Is Sound Quality Really “Worse Than Ever”?

I Can't Hear YouLast week, Rolling Stone posted an extensive (6 online pages!) diatribe against sound quality in the age of mp3s. The article seems to have two, somewhat related points: a) that music is being mastered really loud these days, and b) mp3s sound crappy. RS posits that these two factors have become a kind of self-reinforcing spiral of doom for audiophiles, a “global loudening,” if you will:

Producers also now alter the way they mix albums to compensate for the limitations of MP3 sound. “You have to be aware of how people will hear music, and pretty much everyone is listening to MP3,” says producer Butch Vig, a member of Garbage and the producer of Nirvana’s Never- mind. “Some of the effects get lost. So you sometimes have to over-exaggerate things.” Other producers believe that intensely compressed CDs make for better MP3s, since the loudness of the music will compensate for the flatness of the digital format.

Hey, Garbage is still around? Okay, sorry, that was low, I liked that band. Anyway, I have to say I’m of two minds on this topic. Yes, the radio-style super-loud mastering that’s de rigueur these days can be overdone, and I’ll be the first to admit a 128 kbps mp3 can have crunchy high end and flat bass. I’m one of those guys you hear about who still buy vinyl records for their rich, live sound, and even if I’ve purchased mp3s I’ll go buy the CD too if I really like it, just for audio quality’s sake. So, technically, yes, Rolling Stone is right, but I think they’re forgetting how things work in the real world.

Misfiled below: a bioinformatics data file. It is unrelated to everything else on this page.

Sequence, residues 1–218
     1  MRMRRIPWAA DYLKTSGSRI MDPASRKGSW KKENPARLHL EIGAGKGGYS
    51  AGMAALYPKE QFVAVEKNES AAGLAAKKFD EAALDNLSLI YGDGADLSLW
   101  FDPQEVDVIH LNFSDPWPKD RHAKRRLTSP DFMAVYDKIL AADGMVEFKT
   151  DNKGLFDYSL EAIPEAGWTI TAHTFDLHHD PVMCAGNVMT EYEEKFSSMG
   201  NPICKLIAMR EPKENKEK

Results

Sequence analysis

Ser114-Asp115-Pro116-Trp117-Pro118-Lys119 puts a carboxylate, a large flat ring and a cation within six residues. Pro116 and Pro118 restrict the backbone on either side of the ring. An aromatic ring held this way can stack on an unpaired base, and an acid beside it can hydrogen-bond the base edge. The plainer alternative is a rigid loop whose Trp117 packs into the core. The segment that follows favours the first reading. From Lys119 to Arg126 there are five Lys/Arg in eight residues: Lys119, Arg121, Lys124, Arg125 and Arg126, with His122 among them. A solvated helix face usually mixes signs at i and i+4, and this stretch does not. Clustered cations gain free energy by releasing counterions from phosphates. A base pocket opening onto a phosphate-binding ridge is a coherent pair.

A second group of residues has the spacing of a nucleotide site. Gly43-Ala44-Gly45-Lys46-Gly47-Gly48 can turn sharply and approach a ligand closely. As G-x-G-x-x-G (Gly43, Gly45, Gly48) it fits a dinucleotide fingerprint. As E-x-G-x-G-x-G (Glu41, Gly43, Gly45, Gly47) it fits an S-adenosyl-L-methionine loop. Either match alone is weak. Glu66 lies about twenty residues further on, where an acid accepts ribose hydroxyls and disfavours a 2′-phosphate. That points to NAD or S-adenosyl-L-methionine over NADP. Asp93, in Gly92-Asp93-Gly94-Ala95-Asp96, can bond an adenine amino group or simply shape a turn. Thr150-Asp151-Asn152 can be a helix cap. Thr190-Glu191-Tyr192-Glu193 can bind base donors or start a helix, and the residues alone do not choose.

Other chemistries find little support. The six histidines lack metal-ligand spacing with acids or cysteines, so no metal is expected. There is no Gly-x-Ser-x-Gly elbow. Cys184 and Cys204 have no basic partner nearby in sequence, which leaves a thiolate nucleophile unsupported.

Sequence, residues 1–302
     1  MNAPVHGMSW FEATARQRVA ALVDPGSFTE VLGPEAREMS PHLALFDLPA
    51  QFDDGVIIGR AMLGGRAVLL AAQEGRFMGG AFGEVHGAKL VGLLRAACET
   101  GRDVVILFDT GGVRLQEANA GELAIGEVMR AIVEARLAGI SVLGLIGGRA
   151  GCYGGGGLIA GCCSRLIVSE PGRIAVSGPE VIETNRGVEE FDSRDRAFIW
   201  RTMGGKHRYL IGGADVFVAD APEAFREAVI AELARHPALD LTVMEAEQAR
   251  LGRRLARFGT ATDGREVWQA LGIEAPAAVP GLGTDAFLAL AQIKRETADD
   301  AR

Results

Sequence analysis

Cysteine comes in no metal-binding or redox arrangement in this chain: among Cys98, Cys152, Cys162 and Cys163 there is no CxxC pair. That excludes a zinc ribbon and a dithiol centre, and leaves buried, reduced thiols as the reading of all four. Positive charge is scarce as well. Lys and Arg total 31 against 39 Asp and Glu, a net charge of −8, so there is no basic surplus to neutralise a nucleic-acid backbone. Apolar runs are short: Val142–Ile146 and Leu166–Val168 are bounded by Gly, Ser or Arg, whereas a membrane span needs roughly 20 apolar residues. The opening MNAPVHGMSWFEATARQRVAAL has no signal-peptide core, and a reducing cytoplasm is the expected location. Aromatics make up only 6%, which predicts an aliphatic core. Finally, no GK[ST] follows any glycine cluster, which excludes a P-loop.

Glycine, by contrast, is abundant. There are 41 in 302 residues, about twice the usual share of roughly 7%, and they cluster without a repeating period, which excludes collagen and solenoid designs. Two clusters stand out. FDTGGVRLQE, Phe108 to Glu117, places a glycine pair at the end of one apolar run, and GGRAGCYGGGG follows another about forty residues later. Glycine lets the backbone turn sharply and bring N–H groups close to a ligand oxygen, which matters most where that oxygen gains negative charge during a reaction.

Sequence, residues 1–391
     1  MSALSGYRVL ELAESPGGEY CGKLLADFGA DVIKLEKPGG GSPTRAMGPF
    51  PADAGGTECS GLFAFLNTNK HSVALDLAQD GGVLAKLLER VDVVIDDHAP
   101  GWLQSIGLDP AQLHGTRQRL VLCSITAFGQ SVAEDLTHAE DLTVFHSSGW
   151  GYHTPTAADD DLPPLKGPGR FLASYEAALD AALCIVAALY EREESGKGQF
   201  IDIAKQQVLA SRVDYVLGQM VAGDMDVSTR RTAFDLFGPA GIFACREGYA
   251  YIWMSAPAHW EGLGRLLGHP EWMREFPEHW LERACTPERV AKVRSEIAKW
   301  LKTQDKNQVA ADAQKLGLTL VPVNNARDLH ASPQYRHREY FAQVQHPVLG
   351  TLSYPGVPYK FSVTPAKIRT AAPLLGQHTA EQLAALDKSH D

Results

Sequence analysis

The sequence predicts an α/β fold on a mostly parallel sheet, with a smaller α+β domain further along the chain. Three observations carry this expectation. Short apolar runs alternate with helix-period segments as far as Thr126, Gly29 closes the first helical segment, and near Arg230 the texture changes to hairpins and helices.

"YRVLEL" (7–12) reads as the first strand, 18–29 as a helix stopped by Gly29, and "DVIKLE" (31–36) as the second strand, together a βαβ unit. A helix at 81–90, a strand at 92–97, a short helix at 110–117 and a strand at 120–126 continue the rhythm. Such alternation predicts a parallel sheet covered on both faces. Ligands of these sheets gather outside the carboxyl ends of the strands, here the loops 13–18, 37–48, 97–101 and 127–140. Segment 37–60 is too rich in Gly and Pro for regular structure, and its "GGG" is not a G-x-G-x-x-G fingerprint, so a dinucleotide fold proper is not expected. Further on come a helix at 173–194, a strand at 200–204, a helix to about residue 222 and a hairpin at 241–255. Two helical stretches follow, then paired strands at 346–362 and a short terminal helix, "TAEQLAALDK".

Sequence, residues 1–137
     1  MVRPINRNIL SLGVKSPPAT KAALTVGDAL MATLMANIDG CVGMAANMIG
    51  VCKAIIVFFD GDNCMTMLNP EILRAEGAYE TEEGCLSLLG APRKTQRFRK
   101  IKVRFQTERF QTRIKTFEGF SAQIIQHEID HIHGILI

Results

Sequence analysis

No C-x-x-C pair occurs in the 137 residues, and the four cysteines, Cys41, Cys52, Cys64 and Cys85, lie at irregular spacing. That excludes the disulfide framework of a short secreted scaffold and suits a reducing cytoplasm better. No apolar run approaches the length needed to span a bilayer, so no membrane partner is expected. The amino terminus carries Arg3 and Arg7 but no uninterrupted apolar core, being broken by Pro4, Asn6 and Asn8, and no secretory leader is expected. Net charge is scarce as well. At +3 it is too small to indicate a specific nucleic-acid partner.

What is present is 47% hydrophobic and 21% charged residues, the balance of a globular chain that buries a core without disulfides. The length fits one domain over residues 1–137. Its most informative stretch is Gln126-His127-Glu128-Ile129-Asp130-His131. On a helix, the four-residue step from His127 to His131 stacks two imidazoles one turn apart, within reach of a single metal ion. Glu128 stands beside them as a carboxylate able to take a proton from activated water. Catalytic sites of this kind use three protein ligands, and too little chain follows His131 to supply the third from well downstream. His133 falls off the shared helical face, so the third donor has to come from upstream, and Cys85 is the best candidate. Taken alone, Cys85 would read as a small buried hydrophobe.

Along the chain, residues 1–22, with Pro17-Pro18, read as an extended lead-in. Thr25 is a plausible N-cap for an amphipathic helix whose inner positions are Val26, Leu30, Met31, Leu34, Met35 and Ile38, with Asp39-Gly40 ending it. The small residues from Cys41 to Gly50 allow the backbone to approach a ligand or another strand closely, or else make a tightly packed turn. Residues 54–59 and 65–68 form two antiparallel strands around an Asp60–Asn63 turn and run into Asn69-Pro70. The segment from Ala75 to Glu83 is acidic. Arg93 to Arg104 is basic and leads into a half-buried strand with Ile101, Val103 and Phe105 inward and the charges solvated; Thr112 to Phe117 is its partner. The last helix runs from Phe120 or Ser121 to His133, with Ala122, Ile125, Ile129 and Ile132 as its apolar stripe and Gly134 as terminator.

First of all, let’s talk about the aesthetics of “loud.” Typical FM radio compression squashes the crap out of songs, for sure, but sometimes that enhances the music, allowing you to hear parts that slipped past you before. Radiohead’s “Optimistic,” a guitar-led track from 2000’s Kid A, seemed kind of flat and unremarkable on the CD, but on the radio it took on new life, gaining a thumping intensity and power. I seem to remember Thom Yorke said as much in an interview (still looking for that source). Daft Punk’s classic Discovery album uses hyper-compressed samples to evoke a nostalgic ’70s radio sound: the “super-flat” style is the whole point. Moreover, with radio getting more conservative and marginalized, people hear original tracks first on the internet (or their friends’ iTunes playlists) more than ever; so if an artist wants that sweet radio compression, it has to be built in. One of Rolling Stone‘s list of poorly-produced CDs, Lily Allen’s Alright, Still, is a perfect example of this: she gained fame on MySpace, her music is populist but sits uncomfortably between most American radio formats, and its almost-distorted volume gives the album a kind of punk intensity.

Quality-wise, sure mp3s can suck, but think about how most people have listened to music in the Rock Era: dusty 7″ singles, AM radio, warped cassettes that sit on the floor of your Mazda. I’ll gladly take an mp3 from my iPod, plugged directly into the car stereo, over any of those. Secondly, all musical formats until how have been limited by, well, physical attributes; the initial point of mp3s was their smaller size, but with faster internet speeds and bigger hard drives, 256 kbps mp3s (which most listeners can’t distinguish from CDs) are becoming more and more common. As technologies change, mp3s can change with us, with better-quality files available for those who want them.

Ultimately, the average listener is probably experiencing more music at a higher quality level than at any time in the rock era. And yes, thankfully, most albums are still being released on vinyl, so old fuddy-duddys like myself (and Rolling Stone writers) can continue to wonk out on super-high-fidelity.


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